At the end of 2 Corinthians the apostle Paul was compelled to make a vindication of his apostolic authority. In the course of this defense, he described much of the sufferings and poverty that seem to be his constant companions during his ministry. Judging his ministry by today’s common standards, it might seem to some that his work lack the Lord’s blessing. Listen, “three times I was beaten with rods” he writes, “once I was stoned, three times I was shipwrecked, a night and a day I had spent in the deep, In journeys often, in dangers of rivers, in dangers of robbers, in dangers from my race, in dangers from the Gentiles, in dangers in the city, in dangers in the wilderness, in dangers in the sea, in dangers among false brothers; In labor and hardship; in watchings often; in hunger and thirst; in fastings often; in cold and nakedness.”
This kind of hardship and shortage even of the basic material supplies might seems strange to some. How could this be the case of a genuine servant of the Lord? But to Paul, it was quite the opposite. For to his realization the Lord Jesus during His earthly ministry similarly suffered and Paul considered it an honor that the Lord would find him worthy to share in the sufferings.
2 Corinthians (Program #49) – Paul’s Vindication of His Apostolic Authority (4)
Remember back to the very first problem that affected mankind in the Bible. It was the serpent tempting the woman to eat of the tree of knowledge instead of the tree of life. Now consider Paul’s word to the Corinthians addressing the impact that those claimed to be apostles upon them as they minister different Jesus to the believers in Corinth. Chapter 11 of 2 Corinthians verse 3, “But I fear lest somehow, as the serpent deceived Eve by his craftiness, your thoughts would be corrupted from the simplicity and the purity toward Christ.” Paul’s fear was that the teachings of the so called apostles would have the same result as the serpent’s deception in Genesis 3, to distract the believers away from the enjoyment of Christ’s life and bring them to another tree, a tree that leads to death.
2 Corinthians (Program #48) – Paul’s Vindication of His Apostolic Authority (3)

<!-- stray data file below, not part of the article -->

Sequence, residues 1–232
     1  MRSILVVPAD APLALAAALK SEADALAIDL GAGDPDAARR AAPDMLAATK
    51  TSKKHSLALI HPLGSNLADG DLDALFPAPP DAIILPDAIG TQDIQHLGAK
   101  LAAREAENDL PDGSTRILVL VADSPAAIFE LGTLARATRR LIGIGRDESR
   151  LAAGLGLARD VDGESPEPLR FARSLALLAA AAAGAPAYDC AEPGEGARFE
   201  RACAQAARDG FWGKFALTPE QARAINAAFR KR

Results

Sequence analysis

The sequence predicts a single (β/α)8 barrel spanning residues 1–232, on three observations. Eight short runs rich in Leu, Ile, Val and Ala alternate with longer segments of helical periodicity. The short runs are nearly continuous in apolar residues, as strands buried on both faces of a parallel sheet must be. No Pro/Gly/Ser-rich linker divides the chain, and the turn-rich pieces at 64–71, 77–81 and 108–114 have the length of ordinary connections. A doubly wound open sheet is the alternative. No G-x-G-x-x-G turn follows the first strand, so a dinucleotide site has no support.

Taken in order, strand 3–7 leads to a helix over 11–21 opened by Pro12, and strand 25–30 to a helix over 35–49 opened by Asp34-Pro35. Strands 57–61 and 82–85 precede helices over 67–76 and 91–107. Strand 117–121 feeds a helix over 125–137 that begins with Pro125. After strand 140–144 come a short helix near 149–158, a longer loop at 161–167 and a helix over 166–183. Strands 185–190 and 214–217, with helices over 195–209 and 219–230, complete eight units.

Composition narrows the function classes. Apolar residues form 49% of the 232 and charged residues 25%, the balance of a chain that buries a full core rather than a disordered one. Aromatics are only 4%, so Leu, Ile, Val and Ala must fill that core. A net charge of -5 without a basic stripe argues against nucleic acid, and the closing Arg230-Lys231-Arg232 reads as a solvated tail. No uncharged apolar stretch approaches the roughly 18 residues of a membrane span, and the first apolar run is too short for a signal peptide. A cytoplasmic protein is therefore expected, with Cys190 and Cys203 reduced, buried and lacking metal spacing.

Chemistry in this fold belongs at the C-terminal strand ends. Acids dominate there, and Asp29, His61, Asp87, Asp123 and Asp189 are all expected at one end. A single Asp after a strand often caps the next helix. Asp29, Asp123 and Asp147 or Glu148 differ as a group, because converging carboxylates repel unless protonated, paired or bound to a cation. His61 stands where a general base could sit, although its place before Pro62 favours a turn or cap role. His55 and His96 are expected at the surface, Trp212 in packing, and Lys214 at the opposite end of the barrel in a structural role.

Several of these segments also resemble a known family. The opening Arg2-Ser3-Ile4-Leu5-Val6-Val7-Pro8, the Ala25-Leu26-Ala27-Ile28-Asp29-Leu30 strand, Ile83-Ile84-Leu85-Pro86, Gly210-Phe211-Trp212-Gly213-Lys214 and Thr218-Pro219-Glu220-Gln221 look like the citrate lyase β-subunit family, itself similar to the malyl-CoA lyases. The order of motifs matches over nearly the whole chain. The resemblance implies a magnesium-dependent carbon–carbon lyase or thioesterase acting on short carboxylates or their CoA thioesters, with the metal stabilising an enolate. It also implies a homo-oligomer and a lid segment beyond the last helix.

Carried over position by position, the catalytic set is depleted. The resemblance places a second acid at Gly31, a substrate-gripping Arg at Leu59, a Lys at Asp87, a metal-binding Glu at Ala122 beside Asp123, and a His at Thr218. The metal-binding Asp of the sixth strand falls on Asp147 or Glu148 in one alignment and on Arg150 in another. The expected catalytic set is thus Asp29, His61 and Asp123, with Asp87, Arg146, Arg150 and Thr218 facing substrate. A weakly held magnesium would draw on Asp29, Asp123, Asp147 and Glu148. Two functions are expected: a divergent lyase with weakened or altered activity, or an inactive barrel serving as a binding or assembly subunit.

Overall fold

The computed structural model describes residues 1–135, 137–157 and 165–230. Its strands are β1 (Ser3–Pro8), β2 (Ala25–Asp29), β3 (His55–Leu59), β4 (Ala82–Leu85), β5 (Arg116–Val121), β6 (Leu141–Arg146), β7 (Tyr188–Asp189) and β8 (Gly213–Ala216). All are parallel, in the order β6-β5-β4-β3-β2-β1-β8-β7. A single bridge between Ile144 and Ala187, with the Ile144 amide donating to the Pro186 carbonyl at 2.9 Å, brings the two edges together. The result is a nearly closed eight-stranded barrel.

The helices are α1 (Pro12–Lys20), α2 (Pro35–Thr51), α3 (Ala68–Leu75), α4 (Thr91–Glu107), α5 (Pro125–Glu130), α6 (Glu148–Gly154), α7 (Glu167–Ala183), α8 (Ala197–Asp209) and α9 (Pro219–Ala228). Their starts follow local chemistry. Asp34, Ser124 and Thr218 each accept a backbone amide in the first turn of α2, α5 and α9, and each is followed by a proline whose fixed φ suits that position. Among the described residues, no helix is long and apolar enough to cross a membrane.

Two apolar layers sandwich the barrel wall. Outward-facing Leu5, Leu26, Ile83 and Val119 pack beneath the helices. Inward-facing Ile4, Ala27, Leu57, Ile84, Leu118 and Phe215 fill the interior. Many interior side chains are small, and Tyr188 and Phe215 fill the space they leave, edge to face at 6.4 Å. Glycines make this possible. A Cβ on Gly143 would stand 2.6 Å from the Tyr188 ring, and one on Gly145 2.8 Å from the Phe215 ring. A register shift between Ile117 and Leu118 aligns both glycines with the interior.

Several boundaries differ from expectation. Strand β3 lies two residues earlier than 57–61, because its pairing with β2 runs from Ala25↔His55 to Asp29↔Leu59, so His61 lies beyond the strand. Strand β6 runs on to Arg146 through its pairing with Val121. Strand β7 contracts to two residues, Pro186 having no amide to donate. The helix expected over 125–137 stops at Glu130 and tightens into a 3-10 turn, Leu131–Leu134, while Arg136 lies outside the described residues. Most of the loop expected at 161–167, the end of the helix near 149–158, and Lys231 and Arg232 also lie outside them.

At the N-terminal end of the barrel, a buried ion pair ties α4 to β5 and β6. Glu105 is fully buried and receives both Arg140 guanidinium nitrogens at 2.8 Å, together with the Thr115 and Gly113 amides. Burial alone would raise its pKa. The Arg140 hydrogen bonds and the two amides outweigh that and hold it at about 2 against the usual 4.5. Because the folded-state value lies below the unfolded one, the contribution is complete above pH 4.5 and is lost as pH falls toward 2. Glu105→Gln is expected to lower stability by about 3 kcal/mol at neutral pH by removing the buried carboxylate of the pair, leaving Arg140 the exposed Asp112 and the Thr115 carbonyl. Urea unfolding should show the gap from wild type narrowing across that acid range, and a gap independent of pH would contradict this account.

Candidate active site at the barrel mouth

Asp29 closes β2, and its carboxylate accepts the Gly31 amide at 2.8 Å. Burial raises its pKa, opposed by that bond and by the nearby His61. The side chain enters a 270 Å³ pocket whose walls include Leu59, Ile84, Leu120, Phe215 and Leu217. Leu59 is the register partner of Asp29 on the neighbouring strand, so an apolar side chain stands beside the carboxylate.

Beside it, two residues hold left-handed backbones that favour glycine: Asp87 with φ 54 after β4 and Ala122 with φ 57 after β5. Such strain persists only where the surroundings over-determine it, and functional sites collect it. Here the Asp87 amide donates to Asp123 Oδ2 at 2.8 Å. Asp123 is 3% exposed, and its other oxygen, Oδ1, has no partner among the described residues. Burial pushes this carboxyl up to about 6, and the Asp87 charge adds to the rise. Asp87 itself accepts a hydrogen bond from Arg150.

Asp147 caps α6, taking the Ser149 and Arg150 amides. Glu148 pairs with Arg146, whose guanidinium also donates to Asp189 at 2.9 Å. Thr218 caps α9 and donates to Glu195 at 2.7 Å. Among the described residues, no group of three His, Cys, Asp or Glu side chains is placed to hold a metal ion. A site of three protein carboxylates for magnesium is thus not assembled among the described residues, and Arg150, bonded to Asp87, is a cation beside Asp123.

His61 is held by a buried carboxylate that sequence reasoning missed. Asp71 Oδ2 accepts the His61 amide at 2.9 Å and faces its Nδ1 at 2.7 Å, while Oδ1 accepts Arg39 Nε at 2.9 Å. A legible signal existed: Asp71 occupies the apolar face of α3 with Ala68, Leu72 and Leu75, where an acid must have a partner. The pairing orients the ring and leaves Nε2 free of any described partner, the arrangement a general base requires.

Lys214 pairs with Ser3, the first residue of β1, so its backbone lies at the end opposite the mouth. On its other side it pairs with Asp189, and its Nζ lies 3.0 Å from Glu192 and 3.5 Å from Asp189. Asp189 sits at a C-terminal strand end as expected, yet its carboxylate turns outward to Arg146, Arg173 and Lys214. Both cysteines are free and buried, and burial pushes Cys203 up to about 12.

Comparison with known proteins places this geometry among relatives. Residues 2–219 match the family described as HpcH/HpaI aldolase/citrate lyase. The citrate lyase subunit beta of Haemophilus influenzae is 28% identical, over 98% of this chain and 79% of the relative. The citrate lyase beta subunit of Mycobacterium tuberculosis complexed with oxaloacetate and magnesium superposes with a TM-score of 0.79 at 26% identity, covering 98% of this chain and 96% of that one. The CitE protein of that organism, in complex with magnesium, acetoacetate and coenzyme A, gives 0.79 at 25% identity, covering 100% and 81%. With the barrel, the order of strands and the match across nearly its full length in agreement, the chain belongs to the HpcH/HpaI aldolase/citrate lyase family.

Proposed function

There were many problems in the church in Corinth, but through Paul’s first epistle most of the believers were brought back to the Lord and experience a further reconciliation. One of the lingering problems, however he left it to be dealt with in his second epistle; this was the problem of his own apostleship. When the authority of the teaching is in question in a local church, this can be a serious problem. It’s interesting that Paul saved this problem for last to deal with. We look at why as we explore Paul’s vindication of his apostolic authority on today’s program.
2 Corinthians (Program #47) – Paul’s Vindication of His Apostolic Authority (2)
In the first epistle of Paul to the Corinthians, he was very bold and at times quite strong in dealing with the many problems that had risen in the church there. Due to this, he was quite concerned about how the believers in Corinth received his word of loving discipline. But upon hearing their open and repented heart, he began 2 Corinthians with nine very tender,intimate and pleasant chapters. But following this, his tone once again become severe. For in the final four chapters of the book, he is forced to make a defense, even a vindication of his apostleship. Why did Paul, the clarion of the New Testament economy need to lower himself in such a way before this church which he himself established? The answer may surprises but it will most definitely enlighten us.
2 Corinthians (Program #46) – Paul’s Vindication of His Apostolic Authority (1)
The last section of 2 Corinthians beginning at chapter 10, marks a strong contrast to the first nine chapters of this book. The apostle Paul throughout most of the book was pleasant, intimate and very tender with the Corinthians believers. But in this final segment, he is forced to vindicate his own apostolic authority, because both he himself personally as well as his ministry and work had been severely undermined by other so call Christian workers who had come in to distract, damage and confuse the Corinthians. Just how does Paul approach this delicate and difficult situation? Actually seeing the apostle dealing with such a problem is a marvelous window for all of us to see what it is to be a person one with and living Christ.